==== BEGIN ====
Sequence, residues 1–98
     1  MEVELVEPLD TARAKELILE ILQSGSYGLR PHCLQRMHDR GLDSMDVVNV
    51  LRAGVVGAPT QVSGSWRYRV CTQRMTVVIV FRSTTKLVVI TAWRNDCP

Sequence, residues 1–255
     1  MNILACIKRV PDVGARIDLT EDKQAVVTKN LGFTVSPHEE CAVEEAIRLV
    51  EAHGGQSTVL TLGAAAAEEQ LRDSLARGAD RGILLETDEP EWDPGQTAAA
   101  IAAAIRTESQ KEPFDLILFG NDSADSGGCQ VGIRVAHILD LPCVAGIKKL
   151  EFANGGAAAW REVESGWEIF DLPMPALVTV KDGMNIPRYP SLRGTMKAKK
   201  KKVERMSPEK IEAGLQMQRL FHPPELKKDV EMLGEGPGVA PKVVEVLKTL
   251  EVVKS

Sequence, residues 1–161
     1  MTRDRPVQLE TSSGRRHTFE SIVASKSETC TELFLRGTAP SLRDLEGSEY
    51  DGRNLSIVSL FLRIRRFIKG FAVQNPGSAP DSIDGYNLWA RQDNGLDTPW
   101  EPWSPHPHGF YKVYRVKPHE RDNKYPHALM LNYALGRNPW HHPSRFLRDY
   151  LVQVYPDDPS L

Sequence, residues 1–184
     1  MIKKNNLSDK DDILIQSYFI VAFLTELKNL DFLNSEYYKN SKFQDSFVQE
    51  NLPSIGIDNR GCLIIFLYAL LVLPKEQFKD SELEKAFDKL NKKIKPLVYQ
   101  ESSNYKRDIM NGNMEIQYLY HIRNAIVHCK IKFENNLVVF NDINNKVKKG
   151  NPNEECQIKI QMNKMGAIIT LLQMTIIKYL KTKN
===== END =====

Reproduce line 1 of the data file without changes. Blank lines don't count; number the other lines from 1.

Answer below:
Sequence, residues 1–98